First MSABD Ph.D. grad receives ‘40 Under 40’ honor

By Jim Massey, Freelance writer

Aaron Bodie wasn’t sure what to do when he got the word that Steve Ricke, his mentor and dissertation adviser at the University of Arkansas, was taking a job as director of the Meat Science and Animal Biologics Discovery program at the University of Wisconsin-Madison.

Aaron Bodie

Bodie heard Ricke give a class presentation about food safety microbiology a few years earlier and it sparked his interest in the topic. He ended up working in Ricke’s food-safety lab as a technician, completed an undergraduate major in biology, and began in earnest working toward a Ph.D. in food science under Ricke’s tutelage.

So what did he think when he heard Ricke was leaving the University of Arkansas and heading to Madison, just as a worldwide pandemic was breaking out?

“Honestly, I wasn’t going to go,” he says. “I didn’t know anything about Wisconsin, to be honest. All I knew was the weather was going to be cold. But a few of my co-workers encouraged me to go and my mom was the deciding factor. She said I would be a fool not to go.

“I would do it again 10 times out of 10.”

Bodie, who eventually became the first Ph.D. graduate under Ricke in the Meat Science and Animal Biologics Discovery program, was recently honored by the Alliance to Stop Foodborne Illness as one of the industry’s “40 Under 40” rising stars in food safety. The alliance highlights young men and women who are “revolutionizing the field of food safety.”

Bodie grew up in Nassau, the capital city of the Bahamas, so making the move to a cold-weather state like Wisconsin was no easy decision. Ricke tried to be reassuring, telling Bodie that “they have fireplaces and coats” in Wisconsin, so not to worry.

“I brought all three of my graduate students up from Arkansas, and Aaron was one of them,” Ricke says. “Obviously everybody had an option and they all collectively thought about it and decided they wanted to come up to Wisconsin. They helped me with the transition up here, and Aaron was right in the middle of it from the start. He probably had the toughest transition, to come up here, register in a new program and move his research up here, all during the middle of Covid.

“It’s a bit of a miracle that we pulled all that off, but Aaron was a big part of that.”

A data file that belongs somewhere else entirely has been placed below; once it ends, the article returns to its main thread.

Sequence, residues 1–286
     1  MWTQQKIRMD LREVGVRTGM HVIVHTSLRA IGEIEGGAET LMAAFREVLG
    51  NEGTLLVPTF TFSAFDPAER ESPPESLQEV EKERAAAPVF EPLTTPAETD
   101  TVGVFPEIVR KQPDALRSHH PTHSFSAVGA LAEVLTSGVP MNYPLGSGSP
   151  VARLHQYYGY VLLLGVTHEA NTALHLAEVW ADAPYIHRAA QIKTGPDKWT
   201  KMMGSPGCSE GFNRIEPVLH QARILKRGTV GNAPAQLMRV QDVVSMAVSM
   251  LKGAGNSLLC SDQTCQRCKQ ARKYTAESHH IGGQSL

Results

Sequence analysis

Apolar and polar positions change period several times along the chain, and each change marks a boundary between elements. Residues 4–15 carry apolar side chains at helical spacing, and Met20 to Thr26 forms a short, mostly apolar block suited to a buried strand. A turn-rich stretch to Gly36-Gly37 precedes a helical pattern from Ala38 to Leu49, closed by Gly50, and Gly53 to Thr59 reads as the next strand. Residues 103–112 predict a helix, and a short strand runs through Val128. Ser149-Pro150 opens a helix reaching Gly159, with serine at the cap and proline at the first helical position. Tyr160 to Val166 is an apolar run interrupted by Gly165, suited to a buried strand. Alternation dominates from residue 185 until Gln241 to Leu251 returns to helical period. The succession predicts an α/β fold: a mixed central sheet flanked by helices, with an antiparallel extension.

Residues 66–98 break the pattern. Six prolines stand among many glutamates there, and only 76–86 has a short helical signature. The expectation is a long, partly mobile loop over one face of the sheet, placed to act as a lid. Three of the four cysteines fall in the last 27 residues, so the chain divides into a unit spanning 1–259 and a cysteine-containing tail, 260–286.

While studying under Dr. Steven Ricke, Aaron worked closely with lab manager Dr. Peter Rubinelli.

Bodie’s Ph.D. work was in animal and dairy science, with his research on rapid detection of Campylobacter. His master’s work in Arkansas was on Listeria, so he switched organisms for his Ph.D.

“That was the need in the field at the time,” Bodie says. “Campylobacter is one of the harder organisms to take on and people don’t want to deal with it. I tried to tackle it anyway.”

Bodie’s undergraduate major was in biology, with his initial goal to become a general practice physician. That all changed after he met Ricke.

“I didn’t even know food safety was actually a thing,” Bodie says. “(Ricke) gave the correlation to microbiology and how microbiology and food all relate (in his University of Arkansas lecture). I went up to him afterward and he gave me a recommendation on how to get into studying the topic.”

Bodie says he pursued a doctorate degree because he didn’t want anything to hinder him from getting a good job in the food-safety field.

“To be frank I’m an international student and also a black man,” he says. “For me to go further in my career I would have to be my best for (companies) to take a look at me. I wanted to do everything I could possibly do to make that happen.”

He works now for an Arkansas company called “We Are Food Safety,” at which he consults with small businesses who are operating meat companies. He helps the companies deal with U.S. Department of Agriculture and Food Safety and Inspection Service regulations and gain the certifications they need.